But she has gone a big step further, by moving to the very country that she’s designing for.
There have been many benefits to Lisa’s move from Sydney to Shanghai, and indeed a good few ‘what have I done moments’. Lisa hails from the UK where she spent 8 years working in London, before moving to Sydney, Australia 5 years ago. She recently decided to move to Cowan Shanghai and has been there for just 5 weeks. Already she admits that “maybe I bit off more than I could chew, or more than I was prepared for culture wise but the team are fantastic, as are both the work and belief of the agency in the power of branding.”
So what benefits has Lisa experienced from the move to Shanghai? “By throwing myself in at the deep end I’ve grown both personally & professionally. I’ve seen a side of China I never saw when designing for the Asian Market in Australia. It’s one you can’t experience from your hotel room or on a business trip.”
For Lisa, designing in a new place has created a valuable point of contrast and a fresh perspective on her work. “It sharpens your awareness of where you were previously. If you return to it, you return better, or at least more informed. “I’m a creative”, says Lisa, “curious and always in sponge mode, watching and absorbing the surroundings, watching and soaking up how it feels. It’s rebooted who I am, made me question, what do I want to take and give? It’s made her look inwardly too and ask “who am I supposed to be”. It’s given Lisa a clearer idea of her strengths and weaknesses, what she likes and what she doesn’t like, “almost made me both humble and proud to be different. And to admit to my own vulnerability, that I can’t adapt to this long term but I’ll live it for the moment knowing I will take knowledge from the experience.”
It has reshaped how she learns. “I wasn’t sure I could do this to begin with, but day by day, though, I’m learning, often not in the ways I anticipated. Each day is leading to something new. For a gut instinct decision maker, this is new territory. It has made me rethink how I build relationships with my clients.”
It has also made Lisa rethink her relationship building with colleagues. “I’m developing a deeper understanding of just how to ask a question so that it provokes enquiry. Previously I would question routine based behaviour, with ‘why’ but now I’m starting with ‘where does that come from?’ I’m the stranger. I’m the one that’s out of step.”
What advice would you give to anyone who feels they want a change of scene?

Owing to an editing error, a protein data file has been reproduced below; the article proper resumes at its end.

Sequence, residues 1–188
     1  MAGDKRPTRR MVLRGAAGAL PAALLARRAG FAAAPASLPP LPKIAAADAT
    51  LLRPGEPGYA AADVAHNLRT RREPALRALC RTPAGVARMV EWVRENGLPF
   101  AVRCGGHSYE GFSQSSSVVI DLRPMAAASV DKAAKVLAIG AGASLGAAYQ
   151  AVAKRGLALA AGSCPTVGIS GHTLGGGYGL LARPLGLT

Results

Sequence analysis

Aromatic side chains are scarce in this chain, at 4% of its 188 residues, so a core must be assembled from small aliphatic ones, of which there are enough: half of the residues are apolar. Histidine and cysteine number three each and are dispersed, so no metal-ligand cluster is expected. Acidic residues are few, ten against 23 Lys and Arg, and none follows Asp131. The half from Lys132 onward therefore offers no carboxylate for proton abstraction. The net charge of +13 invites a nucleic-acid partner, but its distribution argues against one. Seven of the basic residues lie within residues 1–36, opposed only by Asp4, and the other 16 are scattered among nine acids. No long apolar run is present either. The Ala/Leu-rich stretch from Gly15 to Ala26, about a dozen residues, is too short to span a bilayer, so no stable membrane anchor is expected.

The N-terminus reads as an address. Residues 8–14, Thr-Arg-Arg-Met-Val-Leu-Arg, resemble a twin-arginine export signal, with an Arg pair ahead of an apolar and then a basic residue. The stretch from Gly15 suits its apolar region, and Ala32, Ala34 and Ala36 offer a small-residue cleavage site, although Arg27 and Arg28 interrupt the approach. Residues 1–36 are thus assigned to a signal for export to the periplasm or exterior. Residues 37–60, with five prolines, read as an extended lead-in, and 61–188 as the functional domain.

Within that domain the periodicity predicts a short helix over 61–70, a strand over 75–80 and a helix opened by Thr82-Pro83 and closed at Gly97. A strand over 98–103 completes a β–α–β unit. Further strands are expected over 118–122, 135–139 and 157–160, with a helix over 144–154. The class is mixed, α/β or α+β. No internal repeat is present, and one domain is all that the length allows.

- Take a small step: “If an opportunity comes along and it’s beyond a safety level, seriously ask ‘what do I have to lose’. If nothing comes to mind and you’re happy then fine you’re ready. But if it looks impossible for now, always seek new experiences however tiny they are. It doesn’t have to be moving country. It’s about what’s new to you. If that’s simply going to a newly opened cafe to work instead of your standard Starbucks, or in a new neighbourhood to see who goes there, do it. Fine and explore possibilities to get outside your comfort zone.”
- Stepping away leads to rediscovery: “I know I’ll go back to Sydney and rediscover the city I admit I’d become tired of. The different perspective will help me to see what I miss. You sometimes need to step away to rediscover what was so ‘you’.”
- Small steps can un-stick: “Use stepping stones to create movement, one call, one connection, a workshop in something you’ve never done before. Try, or you never know. You chose design because you knew it wouldn’t bore you. So don’t let it become that way.”
- Test- assess- move forward: “If it’s not right for now, maintain ties, build bridges, be up front and honest and who knows maybe you’ll get a compromise or ‘dangled carrot’ option down the line. Don’t always go for the softer option- test your mettle…go on, no regrets.”
And finally, don’t listen too much to what other people say- test by experience. Lisa says: “I’ve taken roles my peers suggested not to. What’s right for one person is not for another, timing, and personal wise. Do what YOU feel is right for you.” Sounds like good advice.
Thanks to Lisa Hastings for her time in the making of this article and also for the title image.